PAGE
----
A UNESCO World Heritage site, Quito is also the capital city of Ecuador. It sits at an elevation of more than 9,000 feet, making it the highest official capital city in the world. What that means for travelers is there will be a huge adjustment to the elevation gain upon arrival. Visitors should take the first day or two to do easy walking activities and not exert themselves, making sure to also drink plenty of fluids. Once you adjust to the elevation, you’re in for a real treat. Quito offers some of the most stunning examples of gothic architecture, lively central plazas, and a colorful culture. Explore this beautiful capital city and take a step back in time as you walk through 17-century streets and buildings.
Your first stop in Quito should be at the Plaza de la Independencia, or the Plaza Grande, located in the heart of Old Town Quito. This centrally-located square features a monument dedicated to the heroes of Ecuador’s fight for independence from Spanish control. It’s also home to the Metropolitan Cathedral and the Carondelet Palace. In addition, the Archbishop’s Palace is located in the plaza; it was built in 1700 and has been the seat of religious authority and resident of the Bishop since then. It’s also one of the oldest buildings in the city. In that plaza, you’ll find many cafes and restaurants with small, outdoor seating areas so you can sit and look out into the hub of the city while sipping on an espresso or warm canelazo, a traditional Ecuadorian alcoholic beverage made with aguardiente (alcohol), cinnamon, sugar, and juice. Definitely try one while you’re in Quito!
The architecture in Quito is some of the most beautiful in the country. Head to the Basilica and pay the $1 entrance fee to experience, arguably, the oldest gothic church in North and South America. Its lookout tower offers a breathtaking view of the city below, just hang onto your belongings because it can get really windy atop the building! La Iglesia de la Compania de Jesus is another must-visit while in Quito. Its intricately ornate interior contributes to its intrigue, as you’ll immediately notice the gold leaf, gilded plaster and wood carvings. This church is one of the most significant works of Spanish Baroque architecture and is considered one of the most stunning sights in all of Ecuador.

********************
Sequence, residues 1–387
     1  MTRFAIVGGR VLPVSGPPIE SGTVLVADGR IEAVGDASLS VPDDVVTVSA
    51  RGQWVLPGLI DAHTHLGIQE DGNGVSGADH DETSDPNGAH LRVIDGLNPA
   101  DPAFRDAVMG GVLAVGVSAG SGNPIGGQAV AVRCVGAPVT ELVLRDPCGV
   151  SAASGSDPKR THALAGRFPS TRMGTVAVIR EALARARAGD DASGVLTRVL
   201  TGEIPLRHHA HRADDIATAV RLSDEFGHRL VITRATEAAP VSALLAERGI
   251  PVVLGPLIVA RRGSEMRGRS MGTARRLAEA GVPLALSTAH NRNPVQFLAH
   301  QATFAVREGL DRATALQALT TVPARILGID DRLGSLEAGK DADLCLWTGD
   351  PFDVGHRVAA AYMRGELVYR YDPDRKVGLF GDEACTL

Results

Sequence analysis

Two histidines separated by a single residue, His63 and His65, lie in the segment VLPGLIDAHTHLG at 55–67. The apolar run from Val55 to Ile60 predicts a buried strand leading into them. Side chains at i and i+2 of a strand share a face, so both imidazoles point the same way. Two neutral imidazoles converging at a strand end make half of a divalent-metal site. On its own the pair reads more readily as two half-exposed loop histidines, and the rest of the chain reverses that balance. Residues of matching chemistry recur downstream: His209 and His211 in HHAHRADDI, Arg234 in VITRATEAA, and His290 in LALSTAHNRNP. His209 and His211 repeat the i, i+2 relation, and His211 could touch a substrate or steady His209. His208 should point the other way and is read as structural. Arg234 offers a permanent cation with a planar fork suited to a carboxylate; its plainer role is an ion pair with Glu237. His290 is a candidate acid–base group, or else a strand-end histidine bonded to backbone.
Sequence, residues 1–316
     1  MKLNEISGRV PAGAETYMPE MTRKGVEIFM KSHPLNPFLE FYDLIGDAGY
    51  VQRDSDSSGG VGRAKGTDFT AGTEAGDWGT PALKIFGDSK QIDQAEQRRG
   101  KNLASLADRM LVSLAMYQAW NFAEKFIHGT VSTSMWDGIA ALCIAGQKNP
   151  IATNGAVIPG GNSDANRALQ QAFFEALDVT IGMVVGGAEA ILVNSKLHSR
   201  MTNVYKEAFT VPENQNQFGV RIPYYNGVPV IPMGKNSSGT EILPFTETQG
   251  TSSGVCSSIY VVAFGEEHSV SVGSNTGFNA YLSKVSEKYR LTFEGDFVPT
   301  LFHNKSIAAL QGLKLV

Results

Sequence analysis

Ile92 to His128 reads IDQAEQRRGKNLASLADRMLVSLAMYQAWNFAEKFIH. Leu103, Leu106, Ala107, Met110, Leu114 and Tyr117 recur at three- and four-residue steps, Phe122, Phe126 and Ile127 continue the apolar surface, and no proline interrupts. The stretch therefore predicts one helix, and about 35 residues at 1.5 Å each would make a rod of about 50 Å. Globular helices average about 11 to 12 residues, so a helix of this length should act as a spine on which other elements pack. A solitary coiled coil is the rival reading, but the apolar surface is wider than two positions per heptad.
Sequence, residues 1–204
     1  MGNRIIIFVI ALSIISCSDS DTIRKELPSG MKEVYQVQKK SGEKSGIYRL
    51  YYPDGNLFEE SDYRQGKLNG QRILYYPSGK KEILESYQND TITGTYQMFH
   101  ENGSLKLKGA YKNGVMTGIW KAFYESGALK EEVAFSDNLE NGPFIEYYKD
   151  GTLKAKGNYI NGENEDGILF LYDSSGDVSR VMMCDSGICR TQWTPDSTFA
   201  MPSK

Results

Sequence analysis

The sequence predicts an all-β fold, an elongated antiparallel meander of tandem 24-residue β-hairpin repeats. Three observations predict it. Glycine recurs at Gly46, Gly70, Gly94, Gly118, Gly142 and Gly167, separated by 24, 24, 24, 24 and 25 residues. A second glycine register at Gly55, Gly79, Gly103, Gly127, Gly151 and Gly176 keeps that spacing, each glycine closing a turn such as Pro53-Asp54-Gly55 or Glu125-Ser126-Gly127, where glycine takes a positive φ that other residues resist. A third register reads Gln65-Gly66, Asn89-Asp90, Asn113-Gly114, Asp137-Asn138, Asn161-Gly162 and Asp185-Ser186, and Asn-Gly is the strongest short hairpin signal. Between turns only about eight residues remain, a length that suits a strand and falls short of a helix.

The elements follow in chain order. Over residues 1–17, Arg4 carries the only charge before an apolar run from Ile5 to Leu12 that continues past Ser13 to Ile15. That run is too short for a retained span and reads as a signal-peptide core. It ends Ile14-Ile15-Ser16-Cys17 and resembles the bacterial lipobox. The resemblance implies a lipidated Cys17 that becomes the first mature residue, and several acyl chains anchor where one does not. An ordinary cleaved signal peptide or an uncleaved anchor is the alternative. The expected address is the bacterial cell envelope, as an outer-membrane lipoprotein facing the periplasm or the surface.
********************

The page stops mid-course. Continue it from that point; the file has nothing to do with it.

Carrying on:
Otavalo is perhaps one of the more frequently-visited towns from Quito, and for good reason. Just an hour and 45-minute drive from Quito, this place comes to life on the weekends, as it holds a massive outdoor market that takes up nearly 1/3 of the town. Take a bus here and you can find anything you need, including clothing, tapestry, jewelry and other hand-made crafts. Be weary of paying high prices for goods that are not handcrafted, as many are manufactured in nearby towns and even outside of the country. Bargaining with the seller is recommended to get the fairest price. When you’re all shopped out, consider heading to Laguna de Cuicocha, a 2-mile wide lake at the foot of the Cotacachi Volcano. Visitors can hike the trail that wraps around the lake, or trek part of it if time is a constraint. If you’re a sports fan and your team is playing while in Otavalo, head to The Red Pub for a few drinks while you catch the game. For authentic Ecuadorian food, check out Mi Otavalito.
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The best way to get to Quito from out of the country is to fly into Mariscal Sucre International Airport, just 11 miles east of Quito. From there, grab a taxi and head to your accommodations. Once you’re settled into the city, take taxis or the public bus system, which goes to many points of interest. For your day trip, you can schedule a bus tour or hop on a bus at the Terminal Terrestre de Carcelen, although you will need to take a taxi from Quito to this bus station.
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